Volunteer Firefighter Says His Boss Fired Him For Battling Blaze And Being Late

Illinois volunteer sues for wrongful termination

Why Was A Volunteer Firefighter Let Go From His Paying Job?
An Illinois volunteer firefighter is suing his former employer for wrongful termination according to television station KSDK. Justin Wilkinson claims that he was late for his day job as a fuel terminal operator at the Hartford Wood River Terminal Oil Company because he was helping to fight a five-alarm fire under difficult conditions.

Wilkinson's lawsuit claims the company knew he was an unpaid firefighter and that he was given the option of taking a vacation day or coming in late, according to the Alton Telegraph. Wilkinson, a volunteer for 11 years, said that at first he agreed to take a vacation day, but called back later to say he'd be in. He claims to have arrived at work an hour and 12 minutes late. The next day, the company allegedly called him to say he was out of a job.

Firefighters who put themselves in harm's way to save people and property are typically seen as brave and generous. The latter estimation might rise when you realize that of the nation's 1.1 million firefighters, 69 percent are volunteers, according to the National Fire Protection Association. The vast majority of the volunteers work in small communities that typically can't afford a full-time professional department.

The fire that Wilkinson and the rest of the crew faced was a particularly difficult one, according to what a fire department official told KSDK:

"When we got here the fire was fully involved. The fire had already made it up into the attic," said Rosewood Heights Fire Chief Tim Bunt, describing a challenging five-alarm fire that destroyed a house in the 400 block of Valley Drive January 30th. "There was a 20 to 25 mile-per-hour wind. It was in the 20s. We had to deal with the ice. Our closest water supply was about 1000 feet away."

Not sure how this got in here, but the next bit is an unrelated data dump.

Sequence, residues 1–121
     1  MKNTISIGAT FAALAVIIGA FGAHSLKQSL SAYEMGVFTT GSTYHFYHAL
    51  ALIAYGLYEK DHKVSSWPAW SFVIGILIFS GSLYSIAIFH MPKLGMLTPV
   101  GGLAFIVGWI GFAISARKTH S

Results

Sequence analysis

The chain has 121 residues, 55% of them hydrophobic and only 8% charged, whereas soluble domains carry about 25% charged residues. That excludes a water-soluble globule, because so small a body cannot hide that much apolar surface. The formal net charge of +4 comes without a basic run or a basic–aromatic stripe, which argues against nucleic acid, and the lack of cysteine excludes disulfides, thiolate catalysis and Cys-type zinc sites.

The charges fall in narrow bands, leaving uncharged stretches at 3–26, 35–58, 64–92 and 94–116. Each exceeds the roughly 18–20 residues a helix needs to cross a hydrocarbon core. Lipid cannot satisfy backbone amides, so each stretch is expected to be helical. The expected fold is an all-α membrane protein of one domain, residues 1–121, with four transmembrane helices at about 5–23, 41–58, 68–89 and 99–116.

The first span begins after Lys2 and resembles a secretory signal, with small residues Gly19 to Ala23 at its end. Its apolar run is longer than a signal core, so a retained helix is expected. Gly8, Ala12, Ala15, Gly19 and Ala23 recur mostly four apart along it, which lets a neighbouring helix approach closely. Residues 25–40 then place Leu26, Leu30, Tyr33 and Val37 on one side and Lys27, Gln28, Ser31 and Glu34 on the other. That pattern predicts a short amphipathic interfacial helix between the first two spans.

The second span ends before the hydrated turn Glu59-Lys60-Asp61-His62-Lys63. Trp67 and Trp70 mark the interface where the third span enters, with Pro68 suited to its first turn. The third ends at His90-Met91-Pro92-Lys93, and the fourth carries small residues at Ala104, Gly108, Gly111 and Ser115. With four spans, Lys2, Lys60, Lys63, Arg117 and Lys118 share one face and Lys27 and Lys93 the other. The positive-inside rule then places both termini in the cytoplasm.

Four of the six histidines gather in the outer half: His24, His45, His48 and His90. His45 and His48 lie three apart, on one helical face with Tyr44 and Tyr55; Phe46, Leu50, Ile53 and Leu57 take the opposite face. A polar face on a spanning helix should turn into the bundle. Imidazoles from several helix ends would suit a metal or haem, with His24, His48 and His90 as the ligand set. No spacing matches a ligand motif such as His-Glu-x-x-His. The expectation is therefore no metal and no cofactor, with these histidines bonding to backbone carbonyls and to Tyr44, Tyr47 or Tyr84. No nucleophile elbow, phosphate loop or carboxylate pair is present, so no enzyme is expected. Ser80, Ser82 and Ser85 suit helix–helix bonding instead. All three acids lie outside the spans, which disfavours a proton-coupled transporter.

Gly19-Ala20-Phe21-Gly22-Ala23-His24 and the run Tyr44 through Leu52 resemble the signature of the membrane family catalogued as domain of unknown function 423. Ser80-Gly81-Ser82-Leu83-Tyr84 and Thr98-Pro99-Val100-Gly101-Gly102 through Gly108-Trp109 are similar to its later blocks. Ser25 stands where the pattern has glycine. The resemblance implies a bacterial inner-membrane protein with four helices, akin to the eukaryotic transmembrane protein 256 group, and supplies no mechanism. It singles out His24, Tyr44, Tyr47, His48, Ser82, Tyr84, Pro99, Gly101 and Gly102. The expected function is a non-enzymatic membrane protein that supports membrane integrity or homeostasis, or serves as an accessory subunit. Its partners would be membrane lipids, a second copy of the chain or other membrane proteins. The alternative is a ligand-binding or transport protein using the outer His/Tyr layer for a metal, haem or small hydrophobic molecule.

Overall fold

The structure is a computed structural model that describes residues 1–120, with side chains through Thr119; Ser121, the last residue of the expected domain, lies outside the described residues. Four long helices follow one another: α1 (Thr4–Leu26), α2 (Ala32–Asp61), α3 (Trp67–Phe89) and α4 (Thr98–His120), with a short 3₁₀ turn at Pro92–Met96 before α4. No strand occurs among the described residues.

In addition to the house being destroyed, two propane tanks exploded and a car caught on fire.

According to the Telegraph, the fire required assistance from four other community fire departments. The two people in the house escaped, although one was treated for smoke inhalation.

Bunt went on to say that he felt responsible for Wilkinson losing the job and that he was angry about the situation.

Hartford Wood River Terminal Oil Company CEO Matt Schrimpf told KSDK that Wilkinson was fired for some reason other than being late for work, but would not explain the cause, citing the lawsuit.

According to the Telegraph's report, a law called the Volunteer Emergency Worker Job Protection Act prohibits companies from firing employees who were late to or absent from work because of responding to an emergency. Employers can dock a worker's pay for the time missed.

Wilkinson's father was also a volunteer fire fighter. Married and with two children, he says that he plans to continue volunteering. He still doesn't have a new job.

He's suing the company for $50,000, including lost future wages, emotional distress, and punitive damages.

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Filed under: Firings
Erik Sherman

Erik Sherman


Erik Sherman is a widely published writer and editor who also does select ghosting and corporate work. Follow him on Twitter at @ErikSherman